- Year 2016
- NSF Noyce Award # 1340109
- First Name Gretchen
- Last Name Andreasen
- Discipline Multidisciplinary
Dave Belanger, Physics Department & Physical and Biological Sciences Division, UC Santa Cruz, email@example.com
Grant Hartzog, Molecular, Cel and Developmental Biology Department, UC Santa Cruz, firstname.lastname@example.org
Debra Lewis, Mathematics Department, UC Santa Cruz, email@example.com
Gretchen Andreasen, Cal Teach at UC Santa Cruz, firstname.lastname@example.org
Alisun Thompson, Education Department at UC Santa Cruz, email@example.com
The Cal Teach program at UC Santa Cruz has been providing job preview opportunities for prospective science and math teachers and associated course work for ten years. We are exploring the attractions to, and concerns about, teaching careers expressed by participants — those who have become teachers and those who have not — before participating in a school-based internship, and annually thereafter. Improved understanding of the evolving perspectives of these two groups may help us refine the design of our program to better inform prospective teachers about teaching careers and better prepare them for successful experiences.
Our goal is to recruit science, math, and engineering majors into K-12 math or science teaching careers in high-need schools where they will be retained for extended careers.
The Phase I NSF Noyce project at UC Santa Cruz is synergistic with the campus’ successful Cal Teach program and with NSF Noyce research projects led by UC Santa Cruz collaborators. Cal Teach provides undergraduate coursework and internships to attract and prepare STEM majors for careers in K-12 math or science teaching. Cal Teach also provides opportunities for undergraduates, recent graduates, and prospective career change professionals to work with K-14 students without associated university coursework. Notably, one-week intensive internships are an alternative entry point into the program and an alternative opportunity for continuing students to gain experience in high-need schools. This second Noyce Phase I grant has allowed us to dramatically expand intensive internship opportunities and to develop stronger relationships with feeder community colleges. This project will fund 40 Noyce Scholars over four years, with the third cohort of 8 Noyce-funded students entering the MA/Credential program at UC Santa Cruz this summer.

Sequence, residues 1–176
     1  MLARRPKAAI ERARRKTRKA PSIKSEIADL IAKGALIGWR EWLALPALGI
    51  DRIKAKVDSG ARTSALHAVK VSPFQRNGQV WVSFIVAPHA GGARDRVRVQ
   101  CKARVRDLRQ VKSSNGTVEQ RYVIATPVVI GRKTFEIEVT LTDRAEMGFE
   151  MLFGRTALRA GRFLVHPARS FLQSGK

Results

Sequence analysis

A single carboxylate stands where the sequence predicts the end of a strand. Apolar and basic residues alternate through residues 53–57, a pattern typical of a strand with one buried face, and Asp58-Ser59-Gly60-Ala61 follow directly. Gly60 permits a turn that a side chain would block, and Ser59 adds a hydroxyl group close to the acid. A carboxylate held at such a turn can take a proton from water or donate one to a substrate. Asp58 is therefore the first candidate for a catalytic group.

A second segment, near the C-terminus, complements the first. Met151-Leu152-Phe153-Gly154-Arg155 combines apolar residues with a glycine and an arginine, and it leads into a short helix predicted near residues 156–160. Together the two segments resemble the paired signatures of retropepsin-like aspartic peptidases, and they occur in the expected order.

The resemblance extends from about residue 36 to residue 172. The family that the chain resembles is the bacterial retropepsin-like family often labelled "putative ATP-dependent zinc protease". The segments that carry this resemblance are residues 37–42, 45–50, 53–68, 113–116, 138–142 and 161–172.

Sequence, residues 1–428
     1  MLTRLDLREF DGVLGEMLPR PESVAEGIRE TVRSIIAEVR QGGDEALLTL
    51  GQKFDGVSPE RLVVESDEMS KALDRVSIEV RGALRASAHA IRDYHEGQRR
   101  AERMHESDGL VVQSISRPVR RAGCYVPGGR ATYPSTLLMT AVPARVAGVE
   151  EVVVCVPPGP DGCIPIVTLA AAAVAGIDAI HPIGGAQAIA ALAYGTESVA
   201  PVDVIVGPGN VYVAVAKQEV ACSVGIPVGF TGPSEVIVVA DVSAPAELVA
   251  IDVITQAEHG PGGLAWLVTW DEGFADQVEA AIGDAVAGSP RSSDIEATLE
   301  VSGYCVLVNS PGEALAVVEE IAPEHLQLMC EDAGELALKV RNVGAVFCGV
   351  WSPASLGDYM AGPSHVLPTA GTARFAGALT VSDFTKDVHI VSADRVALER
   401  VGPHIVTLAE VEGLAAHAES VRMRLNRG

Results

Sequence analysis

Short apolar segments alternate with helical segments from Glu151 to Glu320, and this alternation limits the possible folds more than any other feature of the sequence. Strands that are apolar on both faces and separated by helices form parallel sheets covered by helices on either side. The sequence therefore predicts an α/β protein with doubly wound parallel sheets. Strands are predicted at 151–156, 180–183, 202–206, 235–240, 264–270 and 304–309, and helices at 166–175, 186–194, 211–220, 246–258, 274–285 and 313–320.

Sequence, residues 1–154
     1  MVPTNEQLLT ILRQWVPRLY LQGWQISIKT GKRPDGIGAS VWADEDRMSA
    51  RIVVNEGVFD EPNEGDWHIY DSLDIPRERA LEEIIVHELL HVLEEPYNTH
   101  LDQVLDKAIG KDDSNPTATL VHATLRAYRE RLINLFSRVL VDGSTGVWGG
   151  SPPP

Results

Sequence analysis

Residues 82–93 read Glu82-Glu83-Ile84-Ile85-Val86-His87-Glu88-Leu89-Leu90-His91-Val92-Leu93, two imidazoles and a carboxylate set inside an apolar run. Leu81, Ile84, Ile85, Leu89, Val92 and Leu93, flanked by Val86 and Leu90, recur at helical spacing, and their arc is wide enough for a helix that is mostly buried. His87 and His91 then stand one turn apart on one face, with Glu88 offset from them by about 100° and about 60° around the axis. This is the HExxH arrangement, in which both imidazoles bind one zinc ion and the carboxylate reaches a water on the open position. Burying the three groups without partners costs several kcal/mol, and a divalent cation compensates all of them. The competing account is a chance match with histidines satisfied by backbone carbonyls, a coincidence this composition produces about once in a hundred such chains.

We coded survey responses using the workplace sociological framework of Lortie (1975) for attractors, and drawing from the literature on teacher attrition and retention for concerns (e.g., Johnson, 2014 and Ingersoll, 2010). Our data is helpful in informing the design of the program to address some of the issues that affect recruitment and retention. It may also add to the broader understanding of barriers to entry into the profession by helping to illuminate possible factors influencing the current math and science teacher shortage. We have linked the survey responses to individuals’ specific academic and career pathways. Findings indicate that some of the initial concerns expressed in the entrance survey remain concerns years later, for both teachers and non-teachers. For example, salary emerged as a concern for both recruitment and retention of teachers. In our follow up surveys, we have also asked about the role Cal Teach played in career development, and results suggest that Cal Teach plays a role in career development far beyond the simple recruitment and preparation of K-12 science or math teachers.